>> 5-Day Forecast

TOMORROW: Colder temperatures start the day in the mid-20s. Some passing flurries are also possible for the first part of the day. Highs peak in the mid-30s as clouds decrease at nighttime. 

THURSDAY: There will be sunshine throughout the day with temperatures warmer than normal in the low 40s. The day will be dry.

>> County-by-County Weather

FRIDAY: We continue to see temperatures improve with sunshine and a few clouds as highs reach around 50 degrees. 

SATURDAY: The day will be breezy and mild with highs around 50 degrees. Rain showers will start to arrive and become more widespread into the night. 

CEO of Middletown Community Foundation resigns

Published: Monday, January 22, 2018 @ 1:45 PM
Updated: Tuesday, January 23, 2018 @ 12:08 PM

            T. Duane Gordon.
T. Duane Gordon.

No reason was given Monday for the unexpected resignation of the CEO of the Middletown Community Foundation.

T. Duane Gordon, who led the foundation for more than 10 years and grew it into one of the state’s most powerful organizations, resigned earlier this month, Carole Schul, board president of the foundation, told this news organization on Monday.

She refused to say why Gordon resigned. His name has been removed from the foundation’s web site.

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Schul said that while the MCF searches for a permanent replacement, longtime Middletown businessman Dan Sack will serve as interim director. Sack, who worked at Armco for 24 years and as a private businessman for 20 years, said his top priorities are keeping the foundation “moving in the right direction” and finding a permanent replacement for Gordon.

When asked why he resigned, Gordon said in a text message to this media outlet that he didn’t wish to “discuss beyond” what was said in the news release.

He was hired in December 2007 as executive director of the Middletown Community Foundation. A graduate of Mississippi State University with a degree in communications and journalism, Gordon’s first career was as a newspaper reporter and editor at the Madison County Journal.

“On behalf of the entire Board, and the Middletown Community Foundation, we want to thank Duane for his dedicated service during a time of growth and against a challenging economic backdrop,” Schul wrote in an email to this news organization.

“We wish him all the best in his future endeavors. The Foundation remains dedicated to its mission to secure permanent and growing assets for the Middletown area’s changing needs, and looks forward to a productive year.”

According to a national study, the Middletown Community Foundation was the No. 1 most active community foundation in Ohio, which has 80 community foundations and the No. 21 most active foundation in the United States, which has more than 750 community foundations; and was ranked for the first year ever in the top 100 for per capita giving, at No. 59, with approximately $44 in gifts received per resident it serves in its communities.

Earlier this year, the MCF board of directors approved nearly $100,000 in grants to 14 local organizations.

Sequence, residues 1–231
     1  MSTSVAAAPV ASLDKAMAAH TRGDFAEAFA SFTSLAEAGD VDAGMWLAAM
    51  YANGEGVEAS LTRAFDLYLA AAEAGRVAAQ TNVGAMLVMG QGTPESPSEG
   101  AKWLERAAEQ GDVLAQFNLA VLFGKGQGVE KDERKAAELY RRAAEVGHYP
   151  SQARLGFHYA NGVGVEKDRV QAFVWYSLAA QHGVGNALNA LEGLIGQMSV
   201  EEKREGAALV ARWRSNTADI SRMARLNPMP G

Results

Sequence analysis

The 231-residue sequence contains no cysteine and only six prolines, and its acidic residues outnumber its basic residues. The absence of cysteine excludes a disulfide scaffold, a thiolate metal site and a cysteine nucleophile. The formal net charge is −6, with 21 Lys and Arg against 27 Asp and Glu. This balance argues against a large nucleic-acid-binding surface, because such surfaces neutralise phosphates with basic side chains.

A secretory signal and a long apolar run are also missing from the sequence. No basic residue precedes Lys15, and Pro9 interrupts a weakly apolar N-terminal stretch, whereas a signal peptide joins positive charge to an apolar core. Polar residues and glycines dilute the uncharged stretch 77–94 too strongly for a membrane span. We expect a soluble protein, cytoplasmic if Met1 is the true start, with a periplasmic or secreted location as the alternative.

The largest grant, worth $20,000, was awarded to People Working Cooperatively, a group that repairs homes for Middletown-area families.

Three other groups — Atrium Medical Foundation, Berachah Church, and Middletown Lyric Theater — each received $15,000 for their programs.

Homes evacuated after large natural gas leak in Fairborn

Published: Tuesday, January 23, 2018 @ 12:00 PM
Updated: Tuesday, January 23, 2018 @ 12:32 PM

Gas leak forces evacuation of at least 10 homes near Fairborn

UPDATE @ 1:05 p.m. 

Vectren crews continue to work in a Fairborn neighborhood where a construction crew struck a natural gas line Tuesday. 

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A work crew was digging out a basement for a new home on Brehm Boulevard when the gas line was hit, David Reichert, Division Chief of Operations for the Fairborn Fire Department said. 

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At least 10 homes in the area of the gas leak were evacuated out of caution and the evacuation is expected to last for a few hours, Reichert estimated. 

The source of the leak was quickly located and Vectren crews are working to shut the gas off and make repairs. 

No injuries have been reported. 

UPDATE @ 12:20 p.m. 

At least 10 homes were evacuated after a construction worker, digging the basement for a new home, hit a natural gas main line, causing a large gas leak on Brehm Boulevard in Fairborn, according to fire officials. 

Some of the homes are unoccupied or under construction, according to investigators. 

No injuries have been reported. 

We’ll update this page as new details become available. 

Marshall Gorby/Staff


Multiple fire crews have responded to reports of a large gas leak on Brehm Boulevard in Fairborn Tuesday. 

Initial reports indicate a contractor struck a main natural gas line, causing the leak. 

Reports indicate firefighters are conducting evacuations in the neighborhood. 

We have a crew on the way and we’ll update this page as we learn more.